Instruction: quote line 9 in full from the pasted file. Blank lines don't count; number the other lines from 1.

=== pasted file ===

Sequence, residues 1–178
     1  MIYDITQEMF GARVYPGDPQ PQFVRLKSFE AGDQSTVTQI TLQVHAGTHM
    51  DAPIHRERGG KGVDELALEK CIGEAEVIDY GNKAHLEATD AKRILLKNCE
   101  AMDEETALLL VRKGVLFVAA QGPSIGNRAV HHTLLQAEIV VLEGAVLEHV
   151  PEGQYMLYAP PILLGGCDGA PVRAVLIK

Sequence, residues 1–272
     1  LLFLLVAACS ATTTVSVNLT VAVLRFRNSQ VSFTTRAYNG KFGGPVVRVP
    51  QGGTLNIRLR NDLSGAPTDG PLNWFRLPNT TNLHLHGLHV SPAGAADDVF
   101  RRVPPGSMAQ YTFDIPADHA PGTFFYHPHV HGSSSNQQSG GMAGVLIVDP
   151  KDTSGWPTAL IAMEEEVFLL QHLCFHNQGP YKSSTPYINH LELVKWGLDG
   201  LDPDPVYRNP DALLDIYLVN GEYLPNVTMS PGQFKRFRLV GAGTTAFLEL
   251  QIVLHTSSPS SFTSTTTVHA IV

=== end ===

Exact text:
   101  RRVPPGSMAQ YTFDIPADHA PGTFFYHPHV HGSSSNQQSG GMAGVLIVDP